A version of this article appeared in Mediapost on September 10, 2018.

Each time a new package is designed for a food or beverage product, brand leaders must ask themselves if they’re giving shoppers what they want. Is this package what shoppers expect? Are they meeting shoppers’ desires?

As shopping behaviors and the path to purchase have been disrupted by online and mobile shopping, shoppers’ expectations of the product experience are also changing.

A recent report, “Packaging and the Digital Shopper: Meeting Expectations in Food and Beverage” asked shoppers about their expectations. Forty-seven percent expect that the item they ordered online will look exactly the same when they see it in-person. Although 37 percent say that it is OK to have “minor variations” between the online image and the package they receive in the mail, only 9 percent are fine with a package that arrives with different colors or imagery.

If consumer packaged goods (CPG) companies fail to meet shoppers’ expectations, returned products are the outcome. Thirty-four percent of shoppers surveyed had returned a product that they had purchased online because of the packaging. These returns can be costly; according to the 2017 Customer Returns in the Retail Industry by Appriss Retail, $351 billion worth of products were returned in 2017. To put that number in perspective, there were $4.99 trillion in retail sales in 2017, according to Statista; this means more than 7 percent of all sales were returned.

The online food and beverage market has great potential, as the report finds that about 99 percent of people have bought a food or beverage product online. Additionally, 65 percent of shoppers say that they’ll buy more items online over the next 18 months, while only 9 percent say that they won’t buy any food and beverage products online in the future.

But why do consumers shop for food and beverage products on the internet?

Nearly half of shoppers buy online because they want a better price, while a third want to avoid store lines or simply can’t find a product locally. About a quarter of shoppers buy online because the item is too bulky to carry out in person, while about 20 percent say that they don’t have time to go to the store.

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Mintel believes that a big barrier to online purchases is the shopper’s desire to see the product before they buy it. This means that brand leaders must work closely with design, marketing and ecommerce to ensure high quality imagery of product and packaging are readily available on ecommerce sites.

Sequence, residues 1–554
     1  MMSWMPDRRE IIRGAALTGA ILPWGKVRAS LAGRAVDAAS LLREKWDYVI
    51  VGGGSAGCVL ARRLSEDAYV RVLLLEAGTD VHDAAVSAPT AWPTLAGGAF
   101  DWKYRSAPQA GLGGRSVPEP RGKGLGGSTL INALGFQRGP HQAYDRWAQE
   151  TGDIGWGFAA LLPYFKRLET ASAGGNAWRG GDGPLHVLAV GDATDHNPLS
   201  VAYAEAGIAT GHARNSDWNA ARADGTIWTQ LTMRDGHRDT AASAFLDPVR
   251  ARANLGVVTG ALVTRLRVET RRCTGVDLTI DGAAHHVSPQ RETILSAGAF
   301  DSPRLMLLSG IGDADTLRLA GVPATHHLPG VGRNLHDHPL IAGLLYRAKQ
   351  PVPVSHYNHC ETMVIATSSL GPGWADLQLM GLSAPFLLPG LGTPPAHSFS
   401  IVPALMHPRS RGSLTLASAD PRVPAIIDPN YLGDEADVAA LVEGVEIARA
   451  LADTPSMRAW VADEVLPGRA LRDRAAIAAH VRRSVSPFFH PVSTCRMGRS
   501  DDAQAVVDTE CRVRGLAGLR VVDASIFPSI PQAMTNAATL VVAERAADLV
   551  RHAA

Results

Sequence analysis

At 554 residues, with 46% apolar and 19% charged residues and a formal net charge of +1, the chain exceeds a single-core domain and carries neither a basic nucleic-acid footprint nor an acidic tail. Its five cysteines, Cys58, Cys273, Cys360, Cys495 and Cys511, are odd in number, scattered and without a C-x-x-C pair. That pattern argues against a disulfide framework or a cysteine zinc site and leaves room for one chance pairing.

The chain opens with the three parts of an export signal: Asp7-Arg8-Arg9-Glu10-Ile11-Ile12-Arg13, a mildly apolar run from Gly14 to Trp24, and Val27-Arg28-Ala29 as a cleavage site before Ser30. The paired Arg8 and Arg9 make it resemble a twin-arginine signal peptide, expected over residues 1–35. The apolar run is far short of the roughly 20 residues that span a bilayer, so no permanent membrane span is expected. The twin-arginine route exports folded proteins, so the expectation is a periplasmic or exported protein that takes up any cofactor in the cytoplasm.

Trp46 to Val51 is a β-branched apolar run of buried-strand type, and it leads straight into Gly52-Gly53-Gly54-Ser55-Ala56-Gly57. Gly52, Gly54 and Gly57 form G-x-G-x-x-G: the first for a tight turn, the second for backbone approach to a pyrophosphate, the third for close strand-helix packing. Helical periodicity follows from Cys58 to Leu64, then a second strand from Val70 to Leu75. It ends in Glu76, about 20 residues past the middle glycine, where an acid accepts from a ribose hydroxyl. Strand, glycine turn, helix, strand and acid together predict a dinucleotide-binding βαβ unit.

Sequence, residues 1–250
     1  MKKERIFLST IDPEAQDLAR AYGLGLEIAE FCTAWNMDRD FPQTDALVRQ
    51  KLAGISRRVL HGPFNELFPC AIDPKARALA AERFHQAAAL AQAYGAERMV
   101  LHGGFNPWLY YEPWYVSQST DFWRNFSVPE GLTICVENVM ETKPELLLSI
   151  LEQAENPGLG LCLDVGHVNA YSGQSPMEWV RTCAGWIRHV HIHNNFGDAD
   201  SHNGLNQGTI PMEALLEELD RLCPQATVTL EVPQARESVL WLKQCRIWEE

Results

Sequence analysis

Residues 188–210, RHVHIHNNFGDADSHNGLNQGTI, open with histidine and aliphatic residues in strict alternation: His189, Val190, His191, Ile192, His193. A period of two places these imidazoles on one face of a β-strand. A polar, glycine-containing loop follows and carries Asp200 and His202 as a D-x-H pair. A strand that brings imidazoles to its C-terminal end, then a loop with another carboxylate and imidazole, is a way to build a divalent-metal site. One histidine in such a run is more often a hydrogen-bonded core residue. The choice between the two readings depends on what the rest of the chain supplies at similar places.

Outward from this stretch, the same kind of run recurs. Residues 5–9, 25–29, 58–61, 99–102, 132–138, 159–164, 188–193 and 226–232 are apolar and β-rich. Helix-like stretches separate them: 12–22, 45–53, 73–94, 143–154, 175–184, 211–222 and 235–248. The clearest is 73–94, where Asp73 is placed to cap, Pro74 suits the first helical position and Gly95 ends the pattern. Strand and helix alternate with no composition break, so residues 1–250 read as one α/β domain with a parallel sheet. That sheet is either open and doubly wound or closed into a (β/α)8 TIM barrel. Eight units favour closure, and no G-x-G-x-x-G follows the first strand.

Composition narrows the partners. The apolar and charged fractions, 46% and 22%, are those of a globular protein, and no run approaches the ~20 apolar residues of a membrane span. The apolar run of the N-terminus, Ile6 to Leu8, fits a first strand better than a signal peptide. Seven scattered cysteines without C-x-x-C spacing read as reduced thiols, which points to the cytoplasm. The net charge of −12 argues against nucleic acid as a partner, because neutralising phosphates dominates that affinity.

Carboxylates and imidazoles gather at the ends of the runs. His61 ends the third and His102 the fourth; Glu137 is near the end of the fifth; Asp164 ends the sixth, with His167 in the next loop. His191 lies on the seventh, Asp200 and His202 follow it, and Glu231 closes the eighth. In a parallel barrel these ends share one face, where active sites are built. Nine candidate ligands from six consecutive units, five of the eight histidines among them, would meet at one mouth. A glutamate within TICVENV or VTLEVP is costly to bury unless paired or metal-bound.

If image is everything, consider this: 13 percent of shoppers said they had taken a selfie with a food or beverage product in the past three months. While this is a small group, their treatment of products shows they are willing to provide your brand free advertising, as long as the consumer experience, including the packaging, meets their expectations.

Also, many shoppers simply don’t trust what looks different: 26 percent of returns due to packaging were because the product didn’t “look right” or looked like a counterfeit. If a shopper likes and trusts an online image of a product enough to buy it, but is then unsettled by what they receive, this is a problem. Marketers, designers and packaging engineers must ensure that the image of the product online is a good match for the actual product package that ends up in the hands of the shopper.

Implications for collaboration

Above all, to ensure shopper satisfaction, the packaging must be aligned with ecommerce and marketing. The best way to do this, I believe, is through adopting the best tools and practices for collaboration. When companies digitize their communication and tools, they can start automating tasks to remove errors and save time and cost.

For example, linking the text from packaging files with the data that feeds ecommerce sites, instead of simply uploading a picture file allows shoppers to better “see” the contents of the package and allows products to be more searchable online. The ingredients and nutritional facts do sell the products for the brand, but only if they are legible by humans and computers.

To meet expectations of quality may require conversations with the packaging manufacturer. Luckily, new technologies are available that allow brand leaders and manufacturers to digitize their work, improving quality and speed. Once a designer, marketer or packaging engineer has digitized a task, they can automate part of that task and connect the output to other departments using workflow software, allowing the entire company and the suppliers to all be on the same page. This is a huge victory for consistency, collaboration and communication.

CPGs can also leverage print quality solutions and programs to catch errors, ensuring that no low-quality packages enter the supply chain. Many companies still rely on the human eye for this, but digital tools are not susceptible to human fatigue and can eliminate embarrassing mistakes to make their way into shoppers’ hands. One bad package may not seem like a big deal, but bad news spreads quickly through social media. CPG companies can avoid complaints by unsatisfied shoppers on social networks if they can be confident about the quality of each package across all channels.

After considering the research in the report, CPG companies must look at their packages and ask themselves some important questions: Are we being consistent? Are we giving shoppers all of the data they desire? Are we using the best technology to make our company more productive? To leave any of these questions unanswered is to risk leaving shoppers unsatisfied and missing the high mark of their expectations.

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